A sample damage assessment is attached as Appendix “A”.
2. PowerPoint – Openings and Closings
Our experience in the past decade is that PowerPoint openings are very helpful in jury trials, but less so in trials before judges sitting alone.
A recent example of a jury opening PowerPoint presentation can be viewed on the Thomson Rogers’ website under either Darcy Merkur’s profile entitled “Geoffrey B v. Mechanical Company, et al”. In that PowerPoint, we adopt what has become our standard format of laying out the basic facts in bullets (9 slides in total), followed by a slide setting out the 4 main issues in the lawsuit – in this case:
- Who is responsible for Geoffrey’s accident?
- How is Geoffrey different than before his accident?
- Why can’t Geoffrey return to work?
- What help does Geoffrey need in his daily life?
The remainder of the PowerPoint focuses on these issues and tries to anticipate evidence that will be called in relation to each of them.
In the PowerPoint, we try to highlight and focus on actual photographs, transcript excerpts or documents that will clearly be introduced as evidence in the trial, rather than narrative or bullet points which may detract from the oral presentation being made to the jury at the same time.
In a superb little handbook by John Miers entitled “Hit Me Again!…I Can Still Hear Him! (the Secrets of Superb Public Speaking)”, Miers warns against the overuse of PowerPoint slides. He points out that people cannot read and listen at the same time and that, if your PowerPoint slide contains extensive narrative or lengthy bullet points, the jury is unlikely to be listening to you as you speak to them. He goes on to point out that charts and diagrams should be simple and the viewer should be permitted time to absorb the information on the screen.
Miers makes a number of recommendations for the use of PowerPoint which we have tried to incorporate into our presentations, and which not only make sense but make the presentations more effective. His book is available at the Ben McNally Book Store on Bay Street just south of Richmond Street and is well worth buying.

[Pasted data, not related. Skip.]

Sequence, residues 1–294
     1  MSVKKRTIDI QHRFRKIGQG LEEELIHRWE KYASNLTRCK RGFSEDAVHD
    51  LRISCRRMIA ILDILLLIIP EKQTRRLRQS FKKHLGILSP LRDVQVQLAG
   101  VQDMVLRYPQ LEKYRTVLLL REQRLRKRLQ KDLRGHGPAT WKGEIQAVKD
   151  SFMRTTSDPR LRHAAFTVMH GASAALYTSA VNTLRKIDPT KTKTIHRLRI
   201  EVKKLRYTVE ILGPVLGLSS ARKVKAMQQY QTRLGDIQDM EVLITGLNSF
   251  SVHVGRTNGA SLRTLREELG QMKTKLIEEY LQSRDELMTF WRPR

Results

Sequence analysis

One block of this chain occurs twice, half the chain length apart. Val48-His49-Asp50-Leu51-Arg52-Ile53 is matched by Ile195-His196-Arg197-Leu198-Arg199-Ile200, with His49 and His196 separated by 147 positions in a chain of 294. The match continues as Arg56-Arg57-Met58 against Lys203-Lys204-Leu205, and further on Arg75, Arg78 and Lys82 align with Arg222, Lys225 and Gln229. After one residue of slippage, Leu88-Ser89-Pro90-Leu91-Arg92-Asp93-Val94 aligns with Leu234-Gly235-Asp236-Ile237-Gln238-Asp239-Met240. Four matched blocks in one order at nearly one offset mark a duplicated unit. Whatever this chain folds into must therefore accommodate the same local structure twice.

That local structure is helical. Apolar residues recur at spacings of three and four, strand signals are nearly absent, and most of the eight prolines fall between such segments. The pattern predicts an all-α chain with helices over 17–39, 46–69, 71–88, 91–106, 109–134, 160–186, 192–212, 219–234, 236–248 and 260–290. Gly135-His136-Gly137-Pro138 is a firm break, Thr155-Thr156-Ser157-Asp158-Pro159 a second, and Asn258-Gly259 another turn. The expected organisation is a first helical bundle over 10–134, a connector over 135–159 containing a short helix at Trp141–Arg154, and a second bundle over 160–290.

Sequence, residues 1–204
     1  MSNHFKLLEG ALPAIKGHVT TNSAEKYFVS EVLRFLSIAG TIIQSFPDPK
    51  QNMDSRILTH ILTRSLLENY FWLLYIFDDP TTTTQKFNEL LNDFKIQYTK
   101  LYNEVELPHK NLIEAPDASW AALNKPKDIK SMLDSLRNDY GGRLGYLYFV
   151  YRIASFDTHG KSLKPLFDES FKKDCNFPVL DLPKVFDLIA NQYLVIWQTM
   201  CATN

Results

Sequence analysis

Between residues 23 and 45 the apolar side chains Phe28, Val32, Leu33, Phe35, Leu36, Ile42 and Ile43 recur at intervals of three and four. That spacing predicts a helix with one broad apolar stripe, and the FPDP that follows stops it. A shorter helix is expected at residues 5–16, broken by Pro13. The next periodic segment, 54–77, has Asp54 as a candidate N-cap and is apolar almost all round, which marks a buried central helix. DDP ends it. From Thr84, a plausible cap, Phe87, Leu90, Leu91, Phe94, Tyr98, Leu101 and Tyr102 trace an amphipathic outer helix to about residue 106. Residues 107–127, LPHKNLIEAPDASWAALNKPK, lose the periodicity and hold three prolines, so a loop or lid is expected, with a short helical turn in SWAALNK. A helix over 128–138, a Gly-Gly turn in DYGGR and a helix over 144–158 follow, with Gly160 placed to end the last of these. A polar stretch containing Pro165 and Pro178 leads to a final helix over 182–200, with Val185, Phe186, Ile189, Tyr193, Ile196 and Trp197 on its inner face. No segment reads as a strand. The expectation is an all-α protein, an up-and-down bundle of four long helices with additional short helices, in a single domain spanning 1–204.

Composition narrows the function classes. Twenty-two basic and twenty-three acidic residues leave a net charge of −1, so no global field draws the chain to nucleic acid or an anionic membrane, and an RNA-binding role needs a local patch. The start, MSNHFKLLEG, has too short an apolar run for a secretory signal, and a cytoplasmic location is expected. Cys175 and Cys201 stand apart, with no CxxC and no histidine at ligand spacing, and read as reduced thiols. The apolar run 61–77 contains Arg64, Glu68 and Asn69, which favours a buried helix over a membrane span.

Some of the advantages of doing a PowerPoint opening include:
- Opportunity to familiarize the jury with key photographs, documents or drawings at the opening of the trial.
- The opportunity to emphasize the organization of your case in a format that you can return to in your closing.
- If used properly, the slides will permit you to organize complex information in a compact, digestible form.
The key point to remember when using a PowerPoint presentation with a jury is not to have your oral presentation compete with the visual presentation on the screen. Proper introduction for the display of photographs, documents or drawings will ensure that the jury is able to absorb and interpret the information being presented to them rather than being confused by it.
Closings are somewhat different in that you have available to you a vast number of documents and other evidence that have been made exhibits in the trial, as well as the possibility of using excerpts from real time transcripts of the evidence that has been given by witnesses at trial. The challenge with a closing is to keep its length under control and not to try to review every document and exhibit filed during the trial.
Happily, the temptation to use narrative in a closing PowerPoint is much less because of the wealth of illustrative material available to you.
It can be useful to highlight sections of key documents or excerpts from transcripts to emphasize critical information helpful to your case. It is also important to have a carefully scripted oral narrative which uses the PowerPoint slides as collateral or illustrative rather than narrative.
It is much easier to pull together your closing PowerPoint if, during the trial, you have been keeping electronic copies of exhibits and ordering transcripts of critical evidence.
3. Judicial Involvement By E-mail During Trial
Historically there was little communication between the judge and trial counseloutside of the court room.
E-mail has changed everything. Now, during the course of a trial, counsel is often asked and encouraged to communicate with counsel and the judge by e-mail after regular court hours. Most judges will welcome this form of communication, especially in a jury case, although obviously counsel should check with the judge before doing so.
When dealing with a jury case, counsel should consider using e-mail dialogues between counsel and the judge to, where appropriate:
- Develop an agenda of items to be addressed without the jury.
- To address scheduling issues.
- To circulate case law that will be referenced.
- To exchange written submissions.
- To vet jury charges.
- To reviewed draft jury questions.
- To deal with motions.
The ability to use e-mail to effectively communicate with the judge and counsel during a trial falls apart though if one counsel refuses to be electronically accessible.
4. ELMO and Other Projection-Type Products